Introducing the BBC Reminiscence Archive
Programme Manager, BBC Archive Development
In May 2016, during Dementia Awareness Week, and as part of the BBC Living With Dementia Season we launched the first version of BBC RemArc - the BBC Reminiscence Archive - which is designed to trigger memories and reminiscences in people with dementia. Today we have launched an updated, improved version of RemArc. This blog explains why we built RemArc, how the project came about, and what we have learned in the process.
Dementia effects memory, and in particular, short-term or ‘working’ memory. In the later stages of dementia, the memory can be wiped every 10 seconds, yet memories from earlier years (typically ages 14-40) often remain intact.
Triggering these intact memories and stimulating conversations about them can improve the relationship between people with dementia and their families and carers, which in turn can improve the level of care they receive and their quality of life. This is the principle of 'reminiscence work', which is increasingly used in care homes, hospital dementia wards and other dementia support services.
A few years ago, my team in BBC Archive Development were approached by Dr Norman Alm from the Computing department of the University Of Dundee. Dr Alm’s team had spent years researching how technology could be used to support people with dementia. As Dr Alm explained the concept of 'reminiscence work' and its benefits, we realised that the BBC’s archives could be put to good use in this area, as stimuli for triggering memories, if delivered through an appropriate medium. We agreed to work with Dr Alm to design and build an online reminiscence archive, using material from the BBC Archives.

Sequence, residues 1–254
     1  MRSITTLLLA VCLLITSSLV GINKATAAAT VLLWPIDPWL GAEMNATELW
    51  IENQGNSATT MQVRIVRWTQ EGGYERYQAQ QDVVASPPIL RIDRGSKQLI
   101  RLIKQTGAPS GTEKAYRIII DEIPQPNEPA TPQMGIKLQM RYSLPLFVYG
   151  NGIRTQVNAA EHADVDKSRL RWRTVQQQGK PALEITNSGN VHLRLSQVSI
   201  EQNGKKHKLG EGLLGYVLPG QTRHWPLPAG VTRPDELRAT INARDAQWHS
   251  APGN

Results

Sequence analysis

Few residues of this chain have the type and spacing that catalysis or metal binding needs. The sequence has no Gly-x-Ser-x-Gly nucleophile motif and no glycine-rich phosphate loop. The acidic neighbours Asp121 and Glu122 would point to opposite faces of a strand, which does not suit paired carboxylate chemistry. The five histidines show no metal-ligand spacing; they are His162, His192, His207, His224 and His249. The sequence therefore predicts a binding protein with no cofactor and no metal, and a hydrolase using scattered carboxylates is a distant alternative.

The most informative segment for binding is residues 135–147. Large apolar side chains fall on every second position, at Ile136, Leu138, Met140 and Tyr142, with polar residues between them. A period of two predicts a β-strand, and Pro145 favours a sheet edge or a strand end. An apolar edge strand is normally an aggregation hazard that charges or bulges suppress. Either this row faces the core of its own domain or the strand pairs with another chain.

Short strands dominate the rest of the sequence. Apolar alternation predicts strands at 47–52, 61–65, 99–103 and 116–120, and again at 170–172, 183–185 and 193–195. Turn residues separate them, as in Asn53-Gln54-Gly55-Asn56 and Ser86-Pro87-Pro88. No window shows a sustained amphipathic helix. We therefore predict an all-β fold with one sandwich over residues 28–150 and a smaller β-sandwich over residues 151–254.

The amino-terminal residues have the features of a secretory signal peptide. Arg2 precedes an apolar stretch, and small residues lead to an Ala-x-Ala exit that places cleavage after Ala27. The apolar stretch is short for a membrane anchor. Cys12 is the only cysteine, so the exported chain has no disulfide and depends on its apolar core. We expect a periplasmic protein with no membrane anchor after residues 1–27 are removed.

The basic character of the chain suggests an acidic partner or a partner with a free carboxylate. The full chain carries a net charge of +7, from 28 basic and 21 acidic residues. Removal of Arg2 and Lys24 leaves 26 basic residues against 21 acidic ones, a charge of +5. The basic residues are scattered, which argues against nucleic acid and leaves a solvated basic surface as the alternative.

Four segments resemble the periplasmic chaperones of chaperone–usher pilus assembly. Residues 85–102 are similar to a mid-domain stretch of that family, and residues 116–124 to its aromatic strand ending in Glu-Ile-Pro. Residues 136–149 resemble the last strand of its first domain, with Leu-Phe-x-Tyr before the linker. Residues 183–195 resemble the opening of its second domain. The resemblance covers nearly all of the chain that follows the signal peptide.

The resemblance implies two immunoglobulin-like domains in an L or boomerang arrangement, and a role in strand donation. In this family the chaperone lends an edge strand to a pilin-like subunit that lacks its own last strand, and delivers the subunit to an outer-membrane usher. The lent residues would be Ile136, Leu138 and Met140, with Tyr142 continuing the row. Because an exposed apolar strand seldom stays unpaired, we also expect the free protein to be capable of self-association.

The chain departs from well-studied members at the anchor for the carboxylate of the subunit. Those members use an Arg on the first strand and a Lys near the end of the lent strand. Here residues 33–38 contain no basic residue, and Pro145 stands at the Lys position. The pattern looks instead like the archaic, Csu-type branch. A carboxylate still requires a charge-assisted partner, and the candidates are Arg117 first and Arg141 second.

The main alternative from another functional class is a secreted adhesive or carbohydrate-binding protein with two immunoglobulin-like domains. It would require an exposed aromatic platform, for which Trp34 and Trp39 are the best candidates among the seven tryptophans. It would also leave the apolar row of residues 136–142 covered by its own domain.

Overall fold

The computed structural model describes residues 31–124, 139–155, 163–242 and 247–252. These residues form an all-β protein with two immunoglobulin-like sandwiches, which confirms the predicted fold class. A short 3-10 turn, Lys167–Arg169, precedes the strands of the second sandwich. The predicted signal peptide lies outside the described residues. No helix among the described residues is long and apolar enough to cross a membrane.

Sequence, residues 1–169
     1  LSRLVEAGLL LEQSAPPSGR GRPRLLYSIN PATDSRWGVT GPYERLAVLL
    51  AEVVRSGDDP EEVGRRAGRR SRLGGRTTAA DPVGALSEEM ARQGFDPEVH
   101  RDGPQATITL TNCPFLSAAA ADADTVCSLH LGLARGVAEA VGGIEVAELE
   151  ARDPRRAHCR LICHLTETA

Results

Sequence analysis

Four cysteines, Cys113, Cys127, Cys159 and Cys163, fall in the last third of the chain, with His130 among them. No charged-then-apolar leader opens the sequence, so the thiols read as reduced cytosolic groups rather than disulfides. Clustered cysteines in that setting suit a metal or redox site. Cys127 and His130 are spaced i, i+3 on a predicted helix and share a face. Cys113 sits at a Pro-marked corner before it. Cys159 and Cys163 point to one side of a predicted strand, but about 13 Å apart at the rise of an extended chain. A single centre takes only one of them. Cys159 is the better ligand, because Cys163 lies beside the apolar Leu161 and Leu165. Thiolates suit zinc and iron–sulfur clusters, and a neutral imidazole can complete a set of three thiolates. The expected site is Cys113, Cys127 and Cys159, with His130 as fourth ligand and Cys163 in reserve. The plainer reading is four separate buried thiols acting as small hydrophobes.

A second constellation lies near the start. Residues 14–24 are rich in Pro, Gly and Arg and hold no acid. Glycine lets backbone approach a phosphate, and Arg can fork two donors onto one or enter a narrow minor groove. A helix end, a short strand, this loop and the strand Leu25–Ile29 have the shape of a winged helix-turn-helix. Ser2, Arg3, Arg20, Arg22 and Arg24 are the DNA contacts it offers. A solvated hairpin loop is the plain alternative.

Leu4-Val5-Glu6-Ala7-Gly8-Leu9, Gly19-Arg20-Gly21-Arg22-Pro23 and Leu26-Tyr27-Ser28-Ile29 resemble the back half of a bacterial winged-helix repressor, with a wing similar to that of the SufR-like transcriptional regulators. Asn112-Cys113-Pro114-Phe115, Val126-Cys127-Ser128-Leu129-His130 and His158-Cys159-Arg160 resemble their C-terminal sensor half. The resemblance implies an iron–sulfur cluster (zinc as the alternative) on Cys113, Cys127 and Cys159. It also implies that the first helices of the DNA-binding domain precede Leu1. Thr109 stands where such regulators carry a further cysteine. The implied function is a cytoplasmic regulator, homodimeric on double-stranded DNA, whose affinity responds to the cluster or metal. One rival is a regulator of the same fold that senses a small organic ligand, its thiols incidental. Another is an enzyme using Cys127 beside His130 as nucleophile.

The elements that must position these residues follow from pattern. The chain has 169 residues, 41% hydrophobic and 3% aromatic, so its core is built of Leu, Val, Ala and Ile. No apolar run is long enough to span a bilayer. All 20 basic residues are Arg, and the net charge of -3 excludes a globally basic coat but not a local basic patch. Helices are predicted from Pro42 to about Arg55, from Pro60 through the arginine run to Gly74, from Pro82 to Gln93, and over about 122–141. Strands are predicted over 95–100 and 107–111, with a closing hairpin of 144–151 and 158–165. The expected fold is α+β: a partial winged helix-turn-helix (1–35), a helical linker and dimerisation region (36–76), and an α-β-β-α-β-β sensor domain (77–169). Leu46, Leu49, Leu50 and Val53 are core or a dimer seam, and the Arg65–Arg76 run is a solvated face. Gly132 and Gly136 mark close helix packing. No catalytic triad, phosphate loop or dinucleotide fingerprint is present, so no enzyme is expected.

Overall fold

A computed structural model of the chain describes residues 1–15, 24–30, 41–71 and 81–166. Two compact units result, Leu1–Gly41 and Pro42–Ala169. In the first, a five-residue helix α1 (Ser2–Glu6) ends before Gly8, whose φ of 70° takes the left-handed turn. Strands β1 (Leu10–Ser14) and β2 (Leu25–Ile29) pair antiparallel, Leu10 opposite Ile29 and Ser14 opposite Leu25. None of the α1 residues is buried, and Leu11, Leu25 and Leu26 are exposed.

We wanted to achieve a number of things with RemArc. Firstly, and most importantly, to use BBC archive material to benefit those of our audience members who have dementia, their families and their carers. We are confident that amongst the 1,500 items from our archives that are available on RemArc, there will be something that triggers a reminiscence for everyone.
Secondly, we wanted to demonstrate that it is not only the famous shows and well known historical events captured in the BBC’s archives that are of interest and value – a very bland-looking film clip, or the most obscure or minor detail captured in a photograph from the Forties, can mean something significant to someone out there. Dr Alm and his colleagues’ work had demonstrated that generic material, rather than personal material, tended to elicit the strongest reminiscences.
Thirdly, we wanted to make sure that our work can be of benefit to the greatest number of people. To that end, we are making the RemArc software available for free under an open source license, so that people can build their own reminiscence archives, either in the UK or reversion RemArc with new languages for use abroad. We are also making the archive material featured in RemArc available for personal and educational use, via the Research And Education Space platform, or via direct download of individual items from the website, under the terms of the RemArc License. To the best of my knowledge, this is the first time that the BBC has open sourced a complete user-facing product, the first time that the BBC has published archive metadata as linked open data, and the first time the BBC has made archive material available to download for non-commercial re-use under such a permissive license.